In July 1886 The Moldacot Pocket Sewing Machine Company Ltd was formed to aquire the patent rights for Great Britain and Ireland for a small sewing machine called The Moldacot. Production of the machine was sub-contracted to William Bown, 45 Brearley Street, Summer Lane, Birmingham and John Holroyd, Tomlinson Street, Manchester. There was also a German manufacturer which has yet to be identified.

The machine, although ingenious and well manufactured, was a stunning failure - it simply didn't sew particularly well. A rotary attachment was available by May 1887 but the inherent faults were never rectified and sales were poor with less than 10,000 machines (of the projected one million) being sold in the first year. By December 1887 the Moldacot Pocket Sewing Machine Co. Ltd was in liquidation.

Within weeks of the first Moldacot company being formed a second "sister" company was established as The Moldacot (Colonial & Foreign) Pocket Sewing Machine Co. Ltd this was to aquire the patent rights for Germany, France and Belgium and to take out patents in Canada, Australia and various other British Colonies.

Although these companies were two entirely separate legal entities with different Articles of Association the Board of Directors for both firms were virtually identical and they shared the same offices.

The Moldacot (Colonial & Foreign) Pocket Sewing Machine Co. seems to have faired somewhat better than its sister company, by November 1887 it reported that it had agencies in many parts of the world and had contracts with manufacturers to produce between 8,000 and 16,000 machines a month.

At some point the Moldacot (Colonial & Foreign) Pocket Sewing Machine Co changed its name to the United Sewing Machine Company Ltd - possibly after the original company went into liquidation but by November 1888 it too was in liquidation. There was a stock of at least 20,000 unsold Moldacot machines and these were still being sold off at bargain prices in December 1890.

The promoters of the two companies were Albert Douglas Moll and John Charles Cottam (Moldacot being a fusion of their names) and although they sold the patent rights they still retained Royalty rights of 6d per machine. In November 1887 they established yet another company - the Moldacot Royalties Trust (Limited) to aquire the Royalties payable by the other two companies. This company was wound up in November 1889.

Newspaper reports of 1887 claimed that Messers Moll & Cottam between them received 43,000 but that didn't include 17,500 in shares paid by the British Moldacot company for additional patent rights for the United States, India and South America. Nor did it include the substantial payment they received when the Moldacot Royalties Trust Company was floated. In todays values they received well in excess of 5.5 million.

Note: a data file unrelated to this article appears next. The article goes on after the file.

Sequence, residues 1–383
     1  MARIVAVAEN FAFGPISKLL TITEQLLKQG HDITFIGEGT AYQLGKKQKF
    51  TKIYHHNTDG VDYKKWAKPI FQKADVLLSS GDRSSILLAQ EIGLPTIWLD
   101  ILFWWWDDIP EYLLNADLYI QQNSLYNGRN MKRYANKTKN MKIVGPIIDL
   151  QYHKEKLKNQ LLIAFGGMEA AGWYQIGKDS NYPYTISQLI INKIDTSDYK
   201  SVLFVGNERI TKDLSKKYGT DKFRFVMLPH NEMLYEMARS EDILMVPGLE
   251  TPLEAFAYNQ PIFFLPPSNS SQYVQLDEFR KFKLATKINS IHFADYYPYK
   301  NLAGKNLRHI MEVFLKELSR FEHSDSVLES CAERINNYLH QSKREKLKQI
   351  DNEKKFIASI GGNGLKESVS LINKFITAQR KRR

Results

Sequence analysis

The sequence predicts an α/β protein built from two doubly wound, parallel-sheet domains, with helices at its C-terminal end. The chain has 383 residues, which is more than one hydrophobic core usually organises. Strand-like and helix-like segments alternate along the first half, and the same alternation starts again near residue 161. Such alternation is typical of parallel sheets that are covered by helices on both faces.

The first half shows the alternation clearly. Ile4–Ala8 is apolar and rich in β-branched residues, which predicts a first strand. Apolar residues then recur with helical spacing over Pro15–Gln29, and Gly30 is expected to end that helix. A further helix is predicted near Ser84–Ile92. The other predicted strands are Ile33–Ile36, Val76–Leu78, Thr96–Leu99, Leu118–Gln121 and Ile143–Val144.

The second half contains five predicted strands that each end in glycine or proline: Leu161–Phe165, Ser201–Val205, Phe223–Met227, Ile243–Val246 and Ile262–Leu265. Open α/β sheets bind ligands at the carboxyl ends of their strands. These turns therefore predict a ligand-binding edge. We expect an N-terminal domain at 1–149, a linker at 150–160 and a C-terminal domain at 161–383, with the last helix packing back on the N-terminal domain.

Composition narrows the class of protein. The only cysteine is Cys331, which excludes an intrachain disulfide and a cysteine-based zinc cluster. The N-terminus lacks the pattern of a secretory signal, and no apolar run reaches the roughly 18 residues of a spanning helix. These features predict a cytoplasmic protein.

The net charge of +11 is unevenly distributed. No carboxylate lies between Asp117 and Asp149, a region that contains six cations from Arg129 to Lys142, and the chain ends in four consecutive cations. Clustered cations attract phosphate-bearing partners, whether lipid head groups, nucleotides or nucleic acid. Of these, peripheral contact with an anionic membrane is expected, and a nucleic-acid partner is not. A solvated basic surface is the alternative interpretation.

A-Z of British
The Agenoria Sewing Machine
Bradbury & Co.
Busy Bee
Sewing Machine Co.
The Franklin
Sewing Machine Co.
Gresham & Craven
Sewing Machine Co.
Hopkinson Bros
Howe Machine Co.
Sewing Machine Co
Sewing Machine Co.
Jones & Co.
Kimball & Morton
Maxfield & Co
Moldacot Pocket
Sewing Machine Co.
Newton Wilson & Co.
The Royal
Sewing Machine Co.
Sellers & Co.
Shepherd, Rothwell
& Hough
Sewing Machine Co.
Smith, Starley & Co.
Tailor Bird
Sewing Machine Co.
W. F. Thomas & Co.
Universal Sewing Machines Ltd
Varley & Co.
Vickers Ltd.
Edward Ward
James Weir
Return to
The Gallery
Contact Us

 Moldacot 1887
Moldacot side view

Moldacot: Serial No. 11593.

This machine was made in Great Britain probably in 1886, the main body of the machine is cast brass which is then Nickel plated.

It has the "open" hand wheel, there are two other types - some have a "closed" hand wheel, exactly the same but without a hole in the centre (see below). The earliest examples have no hand wheel at all and rely on a push action to generate the motion. The machine produced a lock-stitch utilising a tiny shuttle and bobbin and would have been clamped to a table during use.

This machine came complete with its tin which carries advertising for Horrockses Calicos and has the operating instructions printed in the lid. The hand wheel has to be removed from the machine before it will fit in!
As well as black these tins came in red, blue and green. The cheapest versions came in a cardboard box, the most expensive in a leather covered one.

 Moldacot 1887

Moldacot: Serial No. 122091.

Another example of the Moldacot, this time made in Germany, however the basic design is exactly the same as the versions made in Birmingham and Manchester. This machine was made in c1887 and it has the "closed" handwheel.

The plate has been stamped with the machine's serial number, name and that it was Patented in London, this has then been over-stamped Made in Germany and so appears to be an after thought!

The Nickel plating is pitted and worn in places. It has a "closed" hand wheel (below right). This example is missing the thread guide.

 Moldacot 1887
Moldacot side view